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As is usual every year, 2019 will see the enactment of new laws across the country.  Once again, our beloved legislators have passed thousands of needless new laws that will be going into effect this year.  Passing more laws is not the solution, but instead, part of the problem!  We already have millions of laws in the nation—far too many.  Having ample laws is one of several causes of corruption in our legal system.  Many of the newly written laws will have an impact on the vast majority of Americans.  In California alone, more than 1,000 new laws will be added to the books.  In some states, minimum wages will go up, guns will be harder to obtain legally, plastic straws will get the boot, and hunters will get to wear pink for a change.  Here are some of the noteworthy laws going into effect this year:

Tighter gun restrictions in several states
In the wake of the shooting massacre at a Parkland, Florida, high school last year, California passed several laws to prevent domestic abusers and people with mental illness from obtaining guns.  Californians who are involuntarily committed to a mental institution twice in a year or who are convicted of certain domestic violence offenses could face a lifetime gun ownership ban.

Under an expanded Oregon law that went into effect on January 1, domestic abuse offenders or people under restraining orders are banned from owning or purchasing a gun.  In Illinois authorities now have the right to seize firearms from people determined to be a danger to themselves or others.  A similar red flag law will go into effect in New Jersey later this year.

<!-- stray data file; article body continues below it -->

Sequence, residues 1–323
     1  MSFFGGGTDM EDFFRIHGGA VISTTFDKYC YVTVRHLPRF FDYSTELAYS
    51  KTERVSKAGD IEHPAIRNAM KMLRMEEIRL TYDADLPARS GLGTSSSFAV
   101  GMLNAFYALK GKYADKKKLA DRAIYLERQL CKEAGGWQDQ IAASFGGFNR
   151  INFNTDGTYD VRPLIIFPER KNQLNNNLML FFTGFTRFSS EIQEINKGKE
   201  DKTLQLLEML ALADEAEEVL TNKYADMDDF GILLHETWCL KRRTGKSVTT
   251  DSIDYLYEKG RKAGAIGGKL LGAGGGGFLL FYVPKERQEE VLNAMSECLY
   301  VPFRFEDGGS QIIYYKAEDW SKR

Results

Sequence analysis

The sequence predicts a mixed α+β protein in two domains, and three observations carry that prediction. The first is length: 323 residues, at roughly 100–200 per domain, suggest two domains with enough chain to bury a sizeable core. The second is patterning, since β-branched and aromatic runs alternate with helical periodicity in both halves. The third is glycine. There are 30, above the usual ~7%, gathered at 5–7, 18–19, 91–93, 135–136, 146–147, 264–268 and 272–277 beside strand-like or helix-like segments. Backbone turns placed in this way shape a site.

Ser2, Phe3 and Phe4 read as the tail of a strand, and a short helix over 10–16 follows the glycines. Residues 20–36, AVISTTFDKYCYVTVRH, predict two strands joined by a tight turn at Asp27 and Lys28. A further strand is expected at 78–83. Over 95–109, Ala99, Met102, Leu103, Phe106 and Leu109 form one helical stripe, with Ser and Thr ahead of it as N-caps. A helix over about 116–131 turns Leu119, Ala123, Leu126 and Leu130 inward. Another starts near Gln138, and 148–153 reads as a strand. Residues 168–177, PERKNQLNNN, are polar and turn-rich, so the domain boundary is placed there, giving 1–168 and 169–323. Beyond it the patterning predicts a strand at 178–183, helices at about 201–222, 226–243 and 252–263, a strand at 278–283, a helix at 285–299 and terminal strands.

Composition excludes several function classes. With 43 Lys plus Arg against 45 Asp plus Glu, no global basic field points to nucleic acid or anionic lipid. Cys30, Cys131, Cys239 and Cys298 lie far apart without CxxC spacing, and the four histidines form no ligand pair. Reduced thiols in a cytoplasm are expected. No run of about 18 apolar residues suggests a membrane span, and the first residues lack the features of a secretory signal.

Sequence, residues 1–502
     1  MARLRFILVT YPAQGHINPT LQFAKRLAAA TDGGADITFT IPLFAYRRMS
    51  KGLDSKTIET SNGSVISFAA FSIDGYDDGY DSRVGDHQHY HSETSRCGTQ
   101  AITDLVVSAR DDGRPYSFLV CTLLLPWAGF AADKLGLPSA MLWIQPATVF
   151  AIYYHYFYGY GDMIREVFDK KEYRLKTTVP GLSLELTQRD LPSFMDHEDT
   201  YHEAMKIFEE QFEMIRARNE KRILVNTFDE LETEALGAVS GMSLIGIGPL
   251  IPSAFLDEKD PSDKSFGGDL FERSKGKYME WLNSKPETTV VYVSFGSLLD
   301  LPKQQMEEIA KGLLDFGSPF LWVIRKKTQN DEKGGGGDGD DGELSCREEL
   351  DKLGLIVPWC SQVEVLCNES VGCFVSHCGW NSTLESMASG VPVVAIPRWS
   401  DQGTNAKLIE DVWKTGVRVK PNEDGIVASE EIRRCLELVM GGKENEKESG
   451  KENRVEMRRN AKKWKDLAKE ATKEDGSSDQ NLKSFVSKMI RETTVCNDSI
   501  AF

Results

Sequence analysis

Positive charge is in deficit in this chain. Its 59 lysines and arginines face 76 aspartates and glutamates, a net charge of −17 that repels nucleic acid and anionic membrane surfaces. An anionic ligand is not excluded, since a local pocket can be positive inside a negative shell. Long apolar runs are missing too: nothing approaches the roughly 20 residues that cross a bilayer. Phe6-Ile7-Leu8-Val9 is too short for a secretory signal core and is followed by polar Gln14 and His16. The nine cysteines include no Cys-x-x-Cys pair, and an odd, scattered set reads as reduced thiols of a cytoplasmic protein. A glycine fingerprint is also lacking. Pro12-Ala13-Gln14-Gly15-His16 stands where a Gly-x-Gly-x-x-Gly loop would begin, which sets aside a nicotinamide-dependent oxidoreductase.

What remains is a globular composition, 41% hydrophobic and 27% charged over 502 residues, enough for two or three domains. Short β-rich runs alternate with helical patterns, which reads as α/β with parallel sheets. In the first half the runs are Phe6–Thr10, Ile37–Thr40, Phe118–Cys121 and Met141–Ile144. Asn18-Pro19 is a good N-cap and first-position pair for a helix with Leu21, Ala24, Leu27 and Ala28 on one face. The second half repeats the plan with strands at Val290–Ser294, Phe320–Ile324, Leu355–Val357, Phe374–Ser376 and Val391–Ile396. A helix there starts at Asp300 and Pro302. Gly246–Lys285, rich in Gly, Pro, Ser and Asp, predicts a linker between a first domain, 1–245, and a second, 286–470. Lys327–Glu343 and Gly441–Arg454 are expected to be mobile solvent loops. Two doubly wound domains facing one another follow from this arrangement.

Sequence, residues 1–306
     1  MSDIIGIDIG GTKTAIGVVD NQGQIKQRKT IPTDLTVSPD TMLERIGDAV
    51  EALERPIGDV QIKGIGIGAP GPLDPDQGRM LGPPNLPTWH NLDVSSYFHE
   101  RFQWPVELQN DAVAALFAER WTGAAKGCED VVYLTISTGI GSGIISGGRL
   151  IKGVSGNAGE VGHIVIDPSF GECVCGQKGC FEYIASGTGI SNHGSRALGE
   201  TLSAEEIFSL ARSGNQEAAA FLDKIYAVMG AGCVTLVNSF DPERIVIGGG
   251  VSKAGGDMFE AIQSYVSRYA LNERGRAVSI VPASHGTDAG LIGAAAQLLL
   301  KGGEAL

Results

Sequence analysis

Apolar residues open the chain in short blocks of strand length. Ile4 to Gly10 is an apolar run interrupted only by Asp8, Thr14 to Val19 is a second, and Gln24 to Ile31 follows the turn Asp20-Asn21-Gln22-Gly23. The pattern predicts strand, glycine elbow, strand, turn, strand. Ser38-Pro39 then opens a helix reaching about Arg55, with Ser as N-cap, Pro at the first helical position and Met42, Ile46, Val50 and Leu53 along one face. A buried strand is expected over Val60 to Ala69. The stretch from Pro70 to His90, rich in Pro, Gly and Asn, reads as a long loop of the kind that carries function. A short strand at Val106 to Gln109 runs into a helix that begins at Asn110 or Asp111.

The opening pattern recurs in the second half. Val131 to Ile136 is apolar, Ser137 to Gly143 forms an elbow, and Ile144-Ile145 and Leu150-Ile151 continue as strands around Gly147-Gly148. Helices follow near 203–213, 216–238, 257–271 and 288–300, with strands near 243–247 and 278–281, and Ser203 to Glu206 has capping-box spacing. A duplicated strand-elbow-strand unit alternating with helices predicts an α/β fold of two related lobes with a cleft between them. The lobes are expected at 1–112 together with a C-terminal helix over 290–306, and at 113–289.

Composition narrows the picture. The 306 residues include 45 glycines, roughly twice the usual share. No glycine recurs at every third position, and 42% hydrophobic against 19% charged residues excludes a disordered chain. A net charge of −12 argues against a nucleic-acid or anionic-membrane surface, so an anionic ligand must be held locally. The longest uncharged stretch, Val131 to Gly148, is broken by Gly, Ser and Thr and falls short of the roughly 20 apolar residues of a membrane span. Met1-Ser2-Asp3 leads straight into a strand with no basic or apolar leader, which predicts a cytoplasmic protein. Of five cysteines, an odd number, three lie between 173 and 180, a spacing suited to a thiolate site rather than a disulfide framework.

At least six states: California, Washington, Florida, Hawaii, Illinois, and Vermont and the District of Columbia are raising the minimum age from eighteen to twenty-one for the purchase of long guns this year.  Washington state will also be enforcing a few other gun control measures, including enhanced background checks, secure gun storage laws, and a requirement for gun purchasers to provide proof they’ve undergone firearm safety training.  It would be nice if all law enforcement officers underwent this same training…..

New “me too” laws
Several states are taking aim at workplace sexual harassment.  California has banned non-disclosure provisions in settlements involving claims of sexual assault, harassment, or discrimination based on sex.  California employers will also no longer be allowed to compel workers to sign non-disparagement agreements as a condition of employment or in exchange for a raise or bonus.  By the end of 2019, publicly held corporations in the Golden State will also need to have at least one female on their board of directors.  Depending on the size of the board, corporations will need to increase that number to at least two or three female board members by the end of 2021.  Putting aside the fact that the most qualified people should fill these positions, once again, government knows best about who should be running companies.

In New York, all employees will be required to complete annual sexual harassment prevention training.  Larger businesses in Delaware will have to provide such training to their workers, and legislators and their staff in Virginia will need to undergo such training every year.

Minimum wages get a boost
Though the federal minimum wage has languished at $7.25 since 2009, at least nineteen states, including Arizona, California, Colorado, Maine, Massachusetts, New York, and Washington, will be raising their minimum wages this year.  Each will boost its minimum wage to at least $12.  Some cities like New York, Seattle, and Palo Alto, California, will see their wage floors increase to $15.

So long straws!